This study of psychiatric illness among 4098 patients attending 91 general practitioners compares 2 methods of case identification: ‘conspicuous morbidity’ by the doctor's own assessments, and ‘probable prevalence’ by the patients' responses to the General Health Questionnaire (GHQ). In general, the latter gives somewhat higher estimates than the former, but there are wide variations in morbidity between practices. The ability of each general practitioner to detect psychiatric illness was measured by computing Spearman's correlation coefficient between his assessments and the GHQ scores of his patients. The mean correlation coefficient was +0·36, but the range was very wide (0·09–0·60).
The first part of the study deals with various demographic characteristics of the patients themselves which are associated with an increased likelihood of the doctor detecting a psychiatric illness; such factors include unemployment, female sex, and marriages which have ended by separation, divorce or death.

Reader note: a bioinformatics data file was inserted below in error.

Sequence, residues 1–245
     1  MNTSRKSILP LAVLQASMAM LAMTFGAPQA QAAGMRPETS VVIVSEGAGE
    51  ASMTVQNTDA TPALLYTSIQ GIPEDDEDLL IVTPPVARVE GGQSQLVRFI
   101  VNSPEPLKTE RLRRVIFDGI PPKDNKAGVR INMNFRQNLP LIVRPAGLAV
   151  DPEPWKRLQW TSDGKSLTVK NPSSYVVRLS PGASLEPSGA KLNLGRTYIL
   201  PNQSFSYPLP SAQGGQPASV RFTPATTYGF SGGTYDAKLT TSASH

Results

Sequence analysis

The second part of the study examines characteristics of the doctors themselves in an attempt to account for the wide variation between them in their ability to detect psychiatric illness. A research psychiatrist made detailed observations on 2098 interviews carried out by 55 general practitioners. Each doctor's verbal and non-verbal styles were recorded minutely, and in addition various global ratings were made. The doctors completed personality inventories and supplied details of training and professional background. It was possible to account for 67 % of the variance of correlation coefficient mainly in terms of 2 dimensions: ‘interest and concern’ and ‘conservatism’. The way in which the doctor interviews his patients is shown to be important, but there are interactions between interview style and the doctor's personality.